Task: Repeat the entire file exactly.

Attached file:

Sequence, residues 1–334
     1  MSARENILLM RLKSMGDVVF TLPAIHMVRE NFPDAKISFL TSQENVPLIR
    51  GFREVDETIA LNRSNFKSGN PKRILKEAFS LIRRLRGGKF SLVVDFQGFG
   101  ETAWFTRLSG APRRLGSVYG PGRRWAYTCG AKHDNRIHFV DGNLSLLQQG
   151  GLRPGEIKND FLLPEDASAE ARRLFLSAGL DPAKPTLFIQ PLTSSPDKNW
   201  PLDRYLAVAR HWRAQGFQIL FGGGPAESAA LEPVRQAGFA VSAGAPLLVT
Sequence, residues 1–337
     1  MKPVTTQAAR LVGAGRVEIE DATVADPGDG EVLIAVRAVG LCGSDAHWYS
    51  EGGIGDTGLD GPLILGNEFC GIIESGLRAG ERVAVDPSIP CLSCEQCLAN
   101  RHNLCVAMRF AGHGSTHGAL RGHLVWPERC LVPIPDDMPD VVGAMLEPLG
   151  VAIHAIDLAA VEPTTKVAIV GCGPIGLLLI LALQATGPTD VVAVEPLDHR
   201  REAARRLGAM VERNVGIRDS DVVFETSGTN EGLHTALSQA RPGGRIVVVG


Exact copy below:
Sequence, residues 1–334
     1  MSARENILLM RLKSMGDVVF TLPAIHMVRE NFPDAKISFL TSQENVPLIR
    51  GFREVDETIA LNRSNFKSGN PKRILKEAFS LIRRLRGGKF SLVVDFQGFG
   101  ETAWFTRLSG APRRLGSVYG PGRRWAYTCG AKHDNRIHFV DGNLSLLQQG
   151  GLRPGEIKND FLLPEDASAE ARRLFLSAGL DPAKPTLFIQ PLTSSPDKNW
   201  PLDRYLAVAR HWRAQGFQIL FGGGPAESAA LEPVRQAGFA VSAGAPLLVT
Sequence, residues 1–337
     1  MKPVTTQAAR LVGAGRVEIE DATVADPGDG EVLIAVRAVG LCGSDAHWYS
    51  EGGIGDTGLD GPLILGNEFC GIIESGLRAG ERVAVDPSIP CLSCEQCLAN
   101  RHNLCVAMRF AGHGSTHGAL RGHLVWPERC LVPIPDDMPD VVGAMLEPLG
   151  VAIHAIDLAA VEPTTKVAIV GCGPIGLLLI LALQATGPTD VVAVEPLDHR
   201  REAARRLGAM VERNVGIRDS DVVFETSGTN EGLHTALSQA RPGGRIVVVG